For decades, the ‘gold standard‘ for measuring body composition was hydrostatic weighing. However, today dual X-ray absorptiometry (DXA) is considered the ‘gold standard’ for the assessment of body composition. There are a number of reasons for this, which we discussed, in an earlier blog (Dengel & Bosch, 2018). One thing to know about DXA, is that all DXA devices have a weight and a height limit. For most DXA devices, the height limit is 78 inches (6 feet. 6 inches or 1.98 meters) for the scanning area. The limit in height is not too surprising since the Center for Disease Control and Prevention (CDC) estimates that less than 1/15th of a percent of males in the United States are taller than 78 inches (Fryar et al., 2012). However, in the world of athletics, the percentage of athletes taller than 78 inches is considerably greater. Sports like basketball and volleyball place a premium on height. Even in sports like football, the percentage of athletes taller than 78 inches is much greater than the normal population. Almost 8% of all invited athletes to the National Football League (NFL) Combine for the last 5 years were taller than 78 inches (Pro Football Reference, 2019).
Can you measure someone taller than 78 inches on a DXA table?
The height limit does not mean you cannot measure an athlete who is taller than 78 inches, but it does mean you will have to place the athlete on the table and lose some scanning measurements at either the head or feet since one of those areas will have to be outside of the measuring area of the table. Most DXA manufactures will tell you that when measuring someone taller than 78 inches to position the head at the top of the table and place the feet outside the scanning area. Although this is a reasonable solution, in a number of sports, the lower limb is so vital to the sport that losing part of the legs is not something you would want to do. Another solution is to align the individual’s feet at the end of the table and allow part of the head to be outside of the scanning area (see image 1).
One of the benefits of having the head outside the scan area is that the head is primarily estimated from a body composition and bone density perspective, partially because of the difficulties in mapping muscle, fat, and bone in the head. In fact, in children and adolescents body composition does not include the head for a number of reasons, the main one being the density of the head at this stage of development is somewhat variable. For adults, the density of the head is much more consistent, however the amount of fat and muscle mass involved in the head is relatively small, so losing a portion of it will have little effect on overall amounts of muscle mass or fat mass (image 2).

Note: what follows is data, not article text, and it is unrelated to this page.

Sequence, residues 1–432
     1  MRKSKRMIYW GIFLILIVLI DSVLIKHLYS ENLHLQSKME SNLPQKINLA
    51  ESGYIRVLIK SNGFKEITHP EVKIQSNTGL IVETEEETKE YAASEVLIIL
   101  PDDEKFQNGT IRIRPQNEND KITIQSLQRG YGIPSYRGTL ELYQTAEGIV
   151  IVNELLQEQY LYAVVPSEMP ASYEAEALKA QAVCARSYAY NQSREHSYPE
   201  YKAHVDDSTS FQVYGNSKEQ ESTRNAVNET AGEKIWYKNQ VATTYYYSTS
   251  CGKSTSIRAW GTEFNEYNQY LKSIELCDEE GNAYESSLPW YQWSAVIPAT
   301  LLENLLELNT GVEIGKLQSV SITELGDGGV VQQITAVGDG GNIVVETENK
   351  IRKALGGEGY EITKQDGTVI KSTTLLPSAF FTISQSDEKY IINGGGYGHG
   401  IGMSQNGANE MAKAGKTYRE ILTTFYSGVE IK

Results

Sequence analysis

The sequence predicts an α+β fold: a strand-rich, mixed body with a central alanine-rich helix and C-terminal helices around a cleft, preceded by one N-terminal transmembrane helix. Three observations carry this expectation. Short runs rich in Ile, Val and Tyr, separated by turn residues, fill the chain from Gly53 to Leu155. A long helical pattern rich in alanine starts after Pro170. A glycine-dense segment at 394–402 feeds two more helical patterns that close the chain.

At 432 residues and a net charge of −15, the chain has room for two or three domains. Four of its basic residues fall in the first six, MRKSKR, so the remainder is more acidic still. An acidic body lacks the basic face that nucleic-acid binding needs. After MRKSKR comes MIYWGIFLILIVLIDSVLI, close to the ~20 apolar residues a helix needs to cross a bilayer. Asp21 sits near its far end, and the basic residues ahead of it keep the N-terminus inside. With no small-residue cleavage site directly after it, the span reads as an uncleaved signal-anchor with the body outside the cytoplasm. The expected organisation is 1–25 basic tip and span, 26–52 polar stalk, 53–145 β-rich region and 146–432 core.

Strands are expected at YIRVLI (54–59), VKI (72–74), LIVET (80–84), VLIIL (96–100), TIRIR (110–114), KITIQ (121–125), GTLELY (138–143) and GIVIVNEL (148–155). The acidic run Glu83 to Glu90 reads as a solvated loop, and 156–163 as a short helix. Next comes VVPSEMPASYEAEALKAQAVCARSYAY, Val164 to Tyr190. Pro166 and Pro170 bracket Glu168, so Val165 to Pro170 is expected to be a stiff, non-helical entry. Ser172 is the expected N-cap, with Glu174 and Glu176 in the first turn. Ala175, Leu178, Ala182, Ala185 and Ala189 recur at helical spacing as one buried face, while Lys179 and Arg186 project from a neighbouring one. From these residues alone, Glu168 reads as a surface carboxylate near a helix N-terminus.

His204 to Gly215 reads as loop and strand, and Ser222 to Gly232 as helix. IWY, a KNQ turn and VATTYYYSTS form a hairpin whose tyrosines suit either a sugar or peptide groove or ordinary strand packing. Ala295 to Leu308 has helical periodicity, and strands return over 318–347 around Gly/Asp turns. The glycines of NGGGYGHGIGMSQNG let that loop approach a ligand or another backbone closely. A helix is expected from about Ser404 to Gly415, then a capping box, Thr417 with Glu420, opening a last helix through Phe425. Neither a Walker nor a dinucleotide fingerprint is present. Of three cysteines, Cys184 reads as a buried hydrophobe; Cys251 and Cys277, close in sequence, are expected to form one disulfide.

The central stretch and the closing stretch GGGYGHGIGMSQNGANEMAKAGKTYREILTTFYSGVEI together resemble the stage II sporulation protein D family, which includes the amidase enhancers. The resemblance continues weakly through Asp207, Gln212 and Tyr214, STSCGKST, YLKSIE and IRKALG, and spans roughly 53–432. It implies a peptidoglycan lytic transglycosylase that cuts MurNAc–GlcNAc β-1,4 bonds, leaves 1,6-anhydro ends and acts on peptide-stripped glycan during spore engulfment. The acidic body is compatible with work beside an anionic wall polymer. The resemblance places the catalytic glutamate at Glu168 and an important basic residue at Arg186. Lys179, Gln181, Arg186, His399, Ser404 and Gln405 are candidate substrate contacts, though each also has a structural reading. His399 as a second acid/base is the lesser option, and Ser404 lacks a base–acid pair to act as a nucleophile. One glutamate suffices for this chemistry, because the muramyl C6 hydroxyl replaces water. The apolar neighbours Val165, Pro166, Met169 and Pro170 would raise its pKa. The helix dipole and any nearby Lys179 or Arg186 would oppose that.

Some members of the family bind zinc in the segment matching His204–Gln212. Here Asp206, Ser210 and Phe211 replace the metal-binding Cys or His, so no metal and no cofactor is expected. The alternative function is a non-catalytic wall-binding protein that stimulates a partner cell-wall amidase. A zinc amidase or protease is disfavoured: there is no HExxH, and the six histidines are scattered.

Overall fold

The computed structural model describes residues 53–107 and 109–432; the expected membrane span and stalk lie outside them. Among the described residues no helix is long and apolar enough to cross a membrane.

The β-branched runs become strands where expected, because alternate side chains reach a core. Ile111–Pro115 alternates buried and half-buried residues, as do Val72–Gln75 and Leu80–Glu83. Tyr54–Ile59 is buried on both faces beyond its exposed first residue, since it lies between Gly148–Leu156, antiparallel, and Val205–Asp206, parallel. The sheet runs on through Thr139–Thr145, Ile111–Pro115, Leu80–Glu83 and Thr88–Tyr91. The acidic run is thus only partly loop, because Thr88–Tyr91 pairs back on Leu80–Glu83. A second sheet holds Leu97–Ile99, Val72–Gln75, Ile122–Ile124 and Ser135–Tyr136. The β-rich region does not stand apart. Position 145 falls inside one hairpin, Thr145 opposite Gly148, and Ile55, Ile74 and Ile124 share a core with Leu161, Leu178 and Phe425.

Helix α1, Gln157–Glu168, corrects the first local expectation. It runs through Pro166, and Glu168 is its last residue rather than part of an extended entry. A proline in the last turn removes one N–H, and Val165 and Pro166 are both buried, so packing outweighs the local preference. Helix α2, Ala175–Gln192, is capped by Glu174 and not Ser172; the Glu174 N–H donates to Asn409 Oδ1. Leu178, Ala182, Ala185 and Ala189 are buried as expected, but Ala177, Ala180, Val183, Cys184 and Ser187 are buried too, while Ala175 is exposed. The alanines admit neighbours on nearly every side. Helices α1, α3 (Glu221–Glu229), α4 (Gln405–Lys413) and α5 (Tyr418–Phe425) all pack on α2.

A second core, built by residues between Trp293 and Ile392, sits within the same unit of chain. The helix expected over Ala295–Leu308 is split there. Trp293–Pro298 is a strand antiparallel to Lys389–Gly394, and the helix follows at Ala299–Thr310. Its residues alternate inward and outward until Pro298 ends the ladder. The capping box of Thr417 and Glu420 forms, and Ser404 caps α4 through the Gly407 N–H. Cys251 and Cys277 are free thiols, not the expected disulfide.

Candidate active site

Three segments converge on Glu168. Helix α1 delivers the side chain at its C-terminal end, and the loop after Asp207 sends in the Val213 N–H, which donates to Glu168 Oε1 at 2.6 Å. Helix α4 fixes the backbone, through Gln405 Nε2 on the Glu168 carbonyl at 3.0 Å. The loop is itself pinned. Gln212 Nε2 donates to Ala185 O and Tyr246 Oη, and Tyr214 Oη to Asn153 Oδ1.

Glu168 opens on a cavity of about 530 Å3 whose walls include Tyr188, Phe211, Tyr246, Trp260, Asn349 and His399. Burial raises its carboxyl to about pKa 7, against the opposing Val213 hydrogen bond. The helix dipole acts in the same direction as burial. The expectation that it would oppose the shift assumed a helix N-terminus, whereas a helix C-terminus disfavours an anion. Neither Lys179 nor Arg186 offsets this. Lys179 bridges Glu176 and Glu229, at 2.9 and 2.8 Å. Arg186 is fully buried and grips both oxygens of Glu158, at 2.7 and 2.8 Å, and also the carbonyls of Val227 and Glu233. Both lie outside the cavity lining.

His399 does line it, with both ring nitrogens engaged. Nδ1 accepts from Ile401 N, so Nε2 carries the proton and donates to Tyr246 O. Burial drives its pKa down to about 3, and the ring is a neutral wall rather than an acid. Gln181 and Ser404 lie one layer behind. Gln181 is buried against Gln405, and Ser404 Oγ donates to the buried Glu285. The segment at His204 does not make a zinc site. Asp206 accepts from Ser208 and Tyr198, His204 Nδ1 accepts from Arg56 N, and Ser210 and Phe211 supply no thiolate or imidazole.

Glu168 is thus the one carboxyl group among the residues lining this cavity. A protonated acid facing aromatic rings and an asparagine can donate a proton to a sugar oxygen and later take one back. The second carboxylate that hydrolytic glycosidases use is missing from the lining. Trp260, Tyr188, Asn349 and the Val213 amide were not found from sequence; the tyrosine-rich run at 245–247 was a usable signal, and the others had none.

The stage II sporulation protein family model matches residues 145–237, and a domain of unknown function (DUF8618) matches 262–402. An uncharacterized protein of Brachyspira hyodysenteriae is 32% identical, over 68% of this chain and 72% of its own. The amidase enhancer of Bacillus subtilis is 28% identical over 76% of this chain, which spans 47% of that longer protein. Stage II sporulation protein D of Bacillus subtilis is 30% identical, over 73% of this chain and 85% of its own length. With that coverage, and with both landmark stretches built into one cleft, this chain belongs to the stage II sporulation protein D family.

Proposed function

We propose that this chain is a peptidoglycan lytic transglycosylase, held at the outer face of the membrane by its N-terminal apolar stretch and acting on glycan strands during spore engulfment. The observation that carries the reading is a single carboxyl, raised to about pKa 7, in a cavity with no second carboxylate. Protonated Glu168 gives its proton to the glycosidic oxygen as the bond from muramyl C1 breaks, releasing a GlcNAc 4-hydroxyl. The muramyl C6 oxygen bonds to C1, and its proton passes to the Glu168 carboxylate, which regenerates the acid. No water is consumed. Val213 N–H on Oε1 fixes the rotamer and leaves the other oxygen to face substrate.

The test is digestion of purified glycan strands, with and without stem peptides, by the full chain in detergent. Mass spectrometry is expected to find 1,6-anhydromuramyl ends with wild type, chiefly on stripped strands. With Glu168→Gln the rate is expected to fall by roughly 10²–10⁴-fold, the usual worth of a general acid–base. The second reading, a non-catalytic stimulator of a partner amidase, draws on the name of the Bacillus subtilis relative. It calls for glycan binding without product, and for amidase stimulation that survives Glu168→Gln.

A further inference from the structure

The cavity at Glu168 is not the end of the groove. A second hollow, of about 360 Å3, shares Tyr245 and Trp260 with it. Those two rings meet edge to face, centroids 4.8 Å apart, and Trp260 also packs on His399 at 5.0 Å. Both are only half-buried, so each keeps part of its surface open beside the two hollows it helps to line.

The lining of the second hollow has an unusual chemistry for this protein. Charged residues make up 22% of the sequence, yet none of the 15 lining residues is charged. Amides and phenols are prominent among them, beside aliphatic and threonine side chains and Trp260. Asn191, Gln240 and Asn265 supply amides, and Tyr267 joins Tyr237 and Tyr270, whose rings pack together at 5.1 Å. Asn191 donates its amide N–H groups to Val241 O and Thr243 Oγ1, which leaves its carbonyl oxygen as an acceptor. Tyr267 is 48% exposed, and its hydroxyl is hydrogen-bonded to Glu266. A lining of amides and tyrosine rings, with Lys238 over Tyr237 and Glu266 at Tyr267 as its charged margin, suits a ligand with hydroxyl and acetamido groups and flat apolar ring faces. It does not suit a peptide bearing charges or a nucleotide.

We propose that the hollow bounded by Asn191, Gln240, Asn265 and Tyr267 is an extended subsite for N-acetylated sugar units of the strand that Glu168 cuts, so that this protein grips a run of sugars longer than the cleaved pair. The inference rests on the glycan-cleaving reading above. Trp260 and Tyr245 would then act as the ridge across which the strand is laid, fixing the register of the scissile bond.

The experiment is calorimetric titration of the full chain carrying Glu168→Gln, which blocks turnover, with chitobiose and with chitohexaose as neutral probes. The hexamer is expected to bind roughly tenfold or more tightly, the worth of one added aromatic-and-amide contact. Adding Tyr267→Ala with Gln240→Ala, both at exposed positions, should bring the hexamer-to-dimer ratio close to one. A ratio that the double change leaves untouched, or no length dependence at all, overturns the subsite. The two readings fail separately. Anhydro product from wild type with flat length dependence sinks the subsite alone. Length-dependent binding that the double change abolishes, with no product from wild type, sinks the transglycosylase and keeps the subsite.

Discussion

What about supporting the head?
Some of you may worry that the head being unsupported will be uncomfortable for the athlete. Although the scanning area of most DXA devices is 78 inches, the tables themselves are actually longer than 78 inches so the table will often provide support for the head even if the individual is taller than 78 inches. We have found that individuals up to 82 inches (6 feet 10 inches or 2.08 meters) experience no discomfort with their head lying outside of the scanning area. This covers almost 99% of all athletes, and for those individuals taller than 82 inches we often support the head using a small support device made from RohaCell® (Evonik Resource Efficiency GmbH, Essen, Germany) (see image 3).
This material has traditionally been used in the construction of X-ray table pads and is invisible to most X-ray admitting devices such as the DXA. Therefore, you can have a portion of this material under the individuals head and neck and it will not affect the results of the DXA scan (see image 4).
One issue with RohaCell® is that it can flake a little when handled so we shrink-wrap our RohaCell® support to prevent flaking. The RohaCell® head support that we have created is 20.5 inches x 12.5 inches x 0.5 inches. The support is placed under the DXA table pad and only 5.5 inches is actually extending beyond the DXA table pad. The rest of the support is actually under the individual being scanned.
Whatever you decide to do, head or feet outside the scan area, the most important thing is to be consistent and have a standard operating procedure that is followed on positioning athletes in order to maintain accurate and reliable data over time. Of note, and good practice, is to go back and view the previous scan for the athlete to determine how they were positioned so you can repeat the positioning as close as possible.
Dexalytics co-founder, Don Dengel demonstrates scanning athletes taller than 78 inches
Dengel, DR, Bosch TA. Why are Body Composition Values Higher from DXA? https://www.dexalytics.com/news/higher-values-dxa/ (visited 24, January, 2019)
Fryar CD, Gu Q, Ogden CL. Anthropometric reference data for children and adults: United States, 2007–2010. National Center for Health Statistics. Vital Health Stat 11(252). 2012.
Pro Football Reference, https://www.pro-football-reference.com/ (visited 8, January, 2019)
About the Author: Donald Dengel, Ph.D., is a Professor in the School of Kinesiology at the University of Minnesota and is a co-founder of Dexalytics. He serves as the Director of the Laboratory of Integrative Human Physiology, which provides clinical vascular, metabolic, exercise and body composition testing for researchers across the University of Minnesota.